The NRA Reaps Its Own Whirlwind in Facing Bloomberg:
Wayne LaPierre, the bespectacled goblin of gun "rights," appeared on Meet the Press with Bowl-Cut Grayhair yesterday. The face of the National Rifle Association since roughly 1901 (note: Yesterday's Sunday talk shows featured Gary Bauer, Ralph Reed, and Wayne LaPierre. It could have been the Sunday conservative line-up from 1988), LaPierre was on to respond to New York City Mayor Michael Bloomberg's pledge to "fuck the NRA's ass so hard that shit is driven out of its mouth." Or words to that effect. Bloomberg's a billionaire, you know, and he's spending hard to defeat members of Congress who don't support stronger gun control laws.

LaPierre huffed, "[H]e's going to find out this is a country of the people, by the people, and for the people. And he can't spend enough of his $27 billion to try to impose his will on the American public...We have people all over, millions of people, sending us $5, $10, $15, $20 checks saying, 'Stand up to this guy that says we can only have three bullets,' which is what he said." Of course, LaPierre doesn't mention the millions the NRA gets from gun manufacturers, and he doesn't have to, thanks to the Supreme Court and, well, hey, the NRA.

Yeah, see, other than making sure that every "sane" American has a right to buy enough guns and ammo to take down a small army (that doesn't have things like missiles and rocket launchers, which would pretty much make one's guns a minimal threat), the NRA's other big legislative effort is to take on anything that smells like campaign finance reform. Here's LaPierre back in 1998: "What's at stake is what type of political society we live under in the 21st century -- whether we live in a society where men and women can get together and express a point of view or whether we're going to turn over the keys to the national media conglomerates." See, "media conglomerates" means news organizations, which might report how much guns are fucking things up without having to kowtow to the well-financed savages of the NRA.

And McCain-Feingold was a poison to democracy, according to the NRA in 2001, because it would "silence all of the voices of all of the individuals who support virtually every cause during elections through organized 'issue advocacy.'" Like, perhaps, Michael Bloomberg?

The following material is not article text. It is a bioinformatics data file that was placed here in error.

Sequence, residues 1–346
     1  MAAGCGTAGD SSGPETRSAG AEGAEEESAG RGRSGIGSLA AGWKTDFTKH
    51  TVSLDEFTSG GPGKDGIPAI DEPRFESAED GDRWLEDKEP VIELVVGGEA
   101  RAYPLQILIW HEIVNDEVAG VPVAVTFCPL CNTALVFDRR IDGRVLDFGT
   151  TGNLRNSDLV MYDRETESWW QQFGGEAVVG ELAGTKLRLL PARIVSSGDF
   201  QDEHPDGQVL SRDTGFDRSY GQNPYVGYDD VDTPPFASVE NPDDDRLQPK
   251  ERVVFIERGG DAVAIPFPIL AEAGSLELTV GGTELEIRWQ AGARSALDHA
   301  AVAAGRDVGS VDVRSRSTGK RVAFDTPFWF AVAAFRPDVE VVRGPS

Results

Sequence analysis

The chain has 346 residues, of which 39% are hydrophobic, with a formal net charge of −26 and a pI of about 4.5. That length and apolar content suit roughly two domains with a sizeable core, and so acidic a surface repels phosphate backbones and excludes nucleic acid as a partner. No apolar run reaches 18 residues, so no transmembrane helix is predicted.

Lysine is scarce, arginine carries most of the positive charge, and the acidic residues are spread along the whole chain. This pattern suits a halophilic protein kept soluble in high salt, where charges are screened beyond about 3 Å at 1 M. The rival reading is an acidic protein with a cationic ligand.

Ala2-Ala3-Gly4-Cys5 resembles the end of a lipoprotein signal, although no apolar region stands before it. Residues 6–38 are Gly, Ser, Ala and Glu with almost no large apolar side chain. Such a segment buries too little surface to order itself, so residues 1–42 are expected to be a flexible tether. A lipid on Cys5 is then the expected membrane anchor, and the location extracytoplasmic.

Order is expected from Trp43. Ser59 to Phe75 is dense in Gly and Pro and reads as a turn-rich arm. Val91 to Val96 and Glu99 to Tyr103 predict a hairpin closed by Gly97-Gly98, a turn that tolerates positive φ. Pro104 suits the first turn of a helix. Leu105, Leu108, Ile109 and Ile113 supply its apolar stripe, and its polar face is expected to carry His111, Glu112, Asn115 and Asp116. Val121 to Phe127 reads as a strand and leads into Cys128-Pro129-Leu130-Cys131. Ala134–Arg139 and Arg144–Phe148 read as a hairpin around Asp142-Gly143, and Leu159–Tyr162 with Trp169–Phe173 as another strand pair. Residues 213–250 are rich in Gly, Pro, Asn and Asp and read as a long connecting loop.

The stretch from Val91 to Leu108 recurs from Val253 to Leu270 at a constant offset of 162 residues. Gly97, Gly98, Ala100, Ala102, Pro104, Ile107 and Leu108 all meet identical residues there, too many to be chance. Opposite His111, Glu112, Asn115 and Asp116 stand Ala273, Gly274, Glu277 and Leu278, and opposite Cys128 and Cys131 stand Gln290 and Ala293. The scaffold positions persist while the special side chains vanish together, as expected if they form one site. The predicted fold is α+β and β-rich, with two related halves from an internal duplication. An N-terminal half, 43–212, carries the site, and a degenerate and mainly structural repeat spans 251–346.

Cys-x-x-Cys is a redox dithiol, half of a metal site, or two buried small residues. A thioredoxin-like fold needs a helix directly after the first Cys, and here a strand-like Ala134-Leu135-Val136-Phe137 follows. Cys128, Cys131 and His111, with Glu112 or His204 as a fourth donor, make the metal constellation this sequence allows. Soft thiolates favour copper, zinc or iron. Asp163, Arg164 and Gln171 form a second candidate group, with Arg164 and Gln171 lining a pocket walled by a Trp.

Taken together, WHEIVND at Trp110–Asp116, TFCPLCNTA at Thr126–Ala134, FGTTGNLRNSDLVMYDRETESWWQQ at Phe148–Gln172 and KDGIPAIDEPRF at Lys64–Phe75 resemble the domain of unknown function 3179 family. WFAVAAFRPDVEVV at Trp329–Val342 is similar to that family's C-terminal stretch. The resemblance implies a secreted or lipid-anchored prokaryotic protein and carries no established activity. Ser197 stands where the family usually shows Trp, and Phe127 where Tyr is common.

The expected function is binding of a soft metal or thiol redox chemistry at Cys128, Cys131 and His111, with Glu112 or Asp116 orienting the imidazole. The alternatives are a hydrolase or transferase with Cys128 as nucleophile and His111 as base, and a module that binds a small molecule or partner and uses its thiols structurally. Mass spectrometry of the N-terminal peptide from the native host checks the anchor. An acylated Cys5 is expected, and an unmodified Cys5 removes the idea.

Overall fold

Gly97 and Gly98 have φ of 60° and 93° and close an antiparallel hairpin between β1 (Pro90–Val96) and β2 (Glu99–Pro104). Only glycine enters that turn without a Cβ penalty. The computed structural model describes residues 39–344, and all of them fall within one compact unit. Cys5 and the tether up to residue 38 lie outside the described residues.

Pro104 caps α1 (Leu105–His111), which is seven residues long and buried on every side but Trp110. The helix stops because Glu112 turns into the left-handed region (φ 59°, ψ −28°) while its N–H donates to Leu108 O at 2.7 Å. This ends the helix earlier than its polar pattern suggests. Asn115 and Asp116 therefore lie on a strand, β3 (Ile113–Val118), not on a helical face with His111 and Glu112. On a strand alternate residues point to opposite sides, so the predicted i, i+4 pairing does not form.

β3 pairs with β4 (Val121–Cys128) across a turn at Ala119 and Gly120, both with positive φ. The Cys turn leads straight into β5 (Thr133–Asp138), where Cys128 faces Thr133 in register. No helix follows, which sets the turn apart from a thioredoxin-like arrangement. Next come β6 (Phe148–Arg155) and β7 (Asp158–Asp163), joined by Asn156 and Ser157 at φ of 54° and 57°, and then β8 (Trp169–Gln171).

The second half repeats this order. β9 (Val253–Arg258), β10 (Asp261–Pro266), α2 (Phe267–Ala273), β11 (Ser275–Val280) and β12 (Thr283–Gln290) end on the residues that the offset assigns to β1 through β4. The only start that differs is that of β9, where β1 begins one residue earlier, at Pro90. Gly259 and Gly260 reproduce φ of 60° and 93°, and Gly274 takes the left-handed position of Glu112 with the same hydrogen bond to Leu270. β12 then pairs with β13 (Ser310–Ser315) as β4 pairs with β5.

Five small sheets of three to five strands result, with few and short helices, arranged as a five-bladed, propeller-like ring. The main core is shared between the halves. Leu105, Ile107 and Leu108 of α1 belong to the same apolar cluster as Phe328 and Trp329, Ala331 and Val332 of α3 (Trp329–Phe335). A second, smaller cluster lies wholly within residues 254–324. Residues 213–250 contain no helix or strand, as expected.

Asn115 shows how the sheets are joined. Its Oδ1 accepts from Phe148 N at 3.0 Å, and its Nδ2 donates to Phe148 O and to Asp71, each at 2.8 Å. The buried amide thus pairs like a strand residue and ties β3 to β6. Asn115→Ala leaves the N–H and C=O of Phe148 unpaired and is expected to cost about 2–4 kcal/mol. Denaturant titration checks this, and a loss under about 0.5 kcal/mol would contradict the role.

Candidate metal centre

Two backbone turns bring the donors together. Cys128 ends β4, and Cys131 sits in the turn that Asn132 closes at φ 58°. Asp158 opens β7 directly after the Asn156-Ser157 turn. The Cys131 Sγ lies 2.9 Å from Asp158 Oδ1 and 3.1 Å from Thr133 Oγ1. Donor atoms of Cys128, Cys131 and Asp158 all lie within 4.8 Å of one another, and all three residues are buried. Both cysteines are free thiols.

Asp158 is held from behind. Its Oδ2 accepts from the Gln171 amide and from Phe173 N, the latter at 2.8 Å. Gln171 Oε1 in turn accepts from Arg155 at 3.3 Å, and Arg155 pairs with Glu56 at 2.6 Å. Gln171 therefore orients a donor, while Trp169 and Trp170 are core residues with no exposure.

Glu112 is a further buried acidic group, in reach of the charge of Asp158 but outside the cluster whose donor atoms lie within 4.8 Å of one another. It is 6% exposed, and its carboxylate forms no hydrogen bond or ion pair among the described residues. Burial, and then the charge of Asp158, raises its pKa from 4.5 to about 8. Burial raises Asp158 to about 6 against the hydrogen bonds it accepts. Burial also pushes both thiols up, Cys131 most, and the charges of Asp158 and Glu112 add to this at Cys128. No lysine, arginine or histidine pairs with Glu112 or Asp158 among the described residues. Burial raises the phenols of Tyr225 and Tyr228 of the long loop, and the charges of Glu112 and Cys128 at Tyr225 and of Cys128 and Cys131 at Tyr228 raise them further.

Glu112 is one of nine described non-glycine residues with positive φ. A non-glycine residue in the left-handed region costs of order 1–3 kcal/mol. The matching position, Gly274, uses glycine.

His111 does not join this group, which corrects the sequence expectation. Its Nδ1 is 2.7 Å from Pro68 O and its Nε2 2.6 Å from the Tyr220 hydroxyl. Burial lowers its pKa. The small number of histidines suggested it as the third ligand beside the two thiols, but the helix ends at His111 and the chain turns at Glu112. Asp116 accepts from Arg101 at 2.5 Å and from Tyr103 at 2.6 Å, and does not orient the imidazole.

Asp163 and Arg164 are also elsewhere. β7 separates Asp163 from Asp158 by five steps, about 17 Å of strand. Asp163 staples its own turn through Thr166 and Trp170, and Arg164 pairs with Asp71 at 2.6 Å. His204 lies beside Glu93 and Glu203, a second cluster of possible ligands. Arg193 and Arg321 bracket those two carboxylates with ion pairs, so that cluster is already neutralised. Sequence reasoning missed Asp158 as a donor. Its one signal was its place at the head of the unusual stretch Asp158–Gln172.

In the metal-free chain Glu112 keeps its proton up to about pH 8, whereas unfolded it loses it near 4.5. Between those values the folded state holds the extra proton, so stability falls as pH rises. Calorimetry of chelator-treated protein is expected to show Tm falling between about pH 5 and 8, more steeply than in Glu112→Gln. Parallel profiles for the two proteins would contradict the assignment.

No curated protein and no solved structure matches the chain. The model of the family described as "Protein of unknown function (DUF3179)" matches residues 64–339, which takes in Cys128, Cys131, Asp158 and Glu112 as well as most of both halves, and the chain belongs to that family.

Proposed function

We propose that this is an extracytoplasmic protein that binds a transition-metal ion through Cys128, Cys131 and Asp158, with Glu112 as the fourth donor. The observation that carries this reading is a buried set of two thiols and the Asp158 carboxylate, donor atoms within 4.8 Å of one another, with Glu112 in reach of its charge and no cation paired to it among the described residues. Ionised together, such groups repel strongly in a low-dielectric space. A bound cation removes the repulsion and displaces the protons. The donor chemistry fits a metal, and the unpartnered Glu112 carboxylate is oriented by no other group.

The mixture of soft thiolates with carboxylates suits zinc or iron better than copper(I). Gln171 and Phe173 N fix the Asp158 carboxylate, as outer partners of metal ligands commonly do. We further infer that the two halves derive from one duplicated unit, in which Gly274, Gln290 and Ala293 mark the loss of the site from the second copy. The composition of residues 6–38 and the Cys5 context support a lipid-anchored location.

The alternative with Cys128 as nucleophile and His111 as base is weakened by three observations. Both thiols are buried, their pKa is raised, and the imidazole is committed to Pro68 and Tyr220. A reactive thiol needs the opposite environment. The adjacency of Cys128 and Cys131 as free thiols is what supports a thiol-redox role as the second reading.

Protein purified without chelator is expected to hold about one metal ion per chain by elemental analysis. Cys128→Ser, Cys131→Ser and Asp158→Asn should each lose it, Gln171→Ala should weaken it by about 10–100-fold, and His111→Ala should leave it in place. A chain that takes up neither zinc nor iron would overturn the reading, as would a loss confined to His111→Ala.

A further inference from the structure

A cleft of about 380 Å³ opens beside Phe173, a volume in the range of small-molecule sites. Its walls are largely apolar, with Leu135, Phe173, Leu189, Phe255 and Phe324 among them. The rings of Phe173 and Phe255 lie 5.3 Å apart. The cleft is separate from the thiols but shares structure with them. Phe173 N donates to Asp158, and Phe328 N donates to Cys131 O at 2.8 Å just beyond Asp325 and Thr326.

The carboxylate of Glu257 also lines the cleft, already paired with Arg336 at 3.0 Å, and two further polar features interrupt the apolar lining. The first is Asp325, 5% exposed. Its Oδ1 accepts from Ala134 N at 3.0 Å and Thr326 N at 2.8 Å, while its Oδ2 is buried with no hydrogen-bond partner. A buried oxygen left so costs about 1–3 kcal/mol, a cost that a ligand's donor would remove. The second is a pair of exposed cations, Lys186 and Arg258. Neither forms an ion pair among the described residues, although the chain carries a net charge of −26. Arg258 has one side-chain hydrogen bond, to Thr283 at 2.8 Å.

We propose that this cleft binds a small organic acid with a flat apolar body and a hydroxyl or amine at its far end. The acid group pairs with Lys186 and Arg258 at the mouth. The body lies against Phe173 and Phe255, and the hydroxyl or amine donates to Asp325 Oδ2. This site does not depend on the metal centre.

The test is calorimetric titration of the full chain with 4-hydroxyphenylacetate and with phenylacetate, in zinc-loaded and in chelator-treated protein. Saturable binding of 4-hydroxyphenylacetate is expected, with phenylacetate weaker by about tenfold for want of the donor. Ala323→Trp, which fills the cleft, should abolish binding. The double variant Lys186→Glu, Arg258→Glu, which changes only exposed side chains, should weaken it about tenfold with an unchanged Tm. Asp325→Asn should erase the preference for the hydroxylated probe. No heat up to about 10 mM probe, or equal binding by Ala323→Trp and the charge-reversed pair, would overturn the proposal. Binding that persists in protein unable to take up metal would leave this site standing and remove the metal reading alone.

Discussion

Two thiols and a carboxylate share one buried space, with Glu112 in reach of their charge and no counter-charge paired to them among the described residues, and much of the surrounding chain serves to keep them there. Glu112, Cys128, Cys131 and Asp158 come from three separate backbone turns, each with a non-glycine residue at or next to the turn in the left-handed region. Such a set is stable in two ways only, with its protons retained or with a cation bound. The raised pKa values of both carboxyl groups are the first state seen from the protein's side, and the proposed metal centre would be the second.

But that would have taken some foresight. And the only foresight the NRA has is the strange ability to see a future where "jack-booted thugs" from the guv'mint will take away your Chinese-made AR-15 and not a future where people keep shooting each other and themselves because that's what guns do. So when the Citizens United decision opened the cash floodgates for groups and corporations, the NRA reacted with predictable self-fellatio: "[F]or now, we can savor a tremendous victory for our First Amendment rights, a victory for which much of the credit belongs to those loyal defenders of our Constitution—the members of the National Rifle Association of America."

The attempt to demonize Michael Bloomberg is going to be amazing and, more than likely, anti-Semitic, with a good dose of Northern liberal resentment mixed in, something that's gonna be kind of hard to pin on the guy who is responsible for the odious, racist "Stop and Frisk" program. The fun part is going to be the class warfare part, about how a billionaire is trying to buy an election against the will of all these little people. Now that'd be irony.

Perhaps what politicians who have suckled at that NRA teat like man-sized babies in David Vitter's most avid fantasies are going to learn is that they'll have to turn to Bloomberg's cash-engorged dugs and drink anew. How can the NRA, and, indeed, many on the right, oppose Bloomberg making it rain for his cause after their opposition to anything that smells like campaign finance reform? They'd look like hypocritical tools. But, you know, they're conservatives, so they won't care. And their followers won't even notice.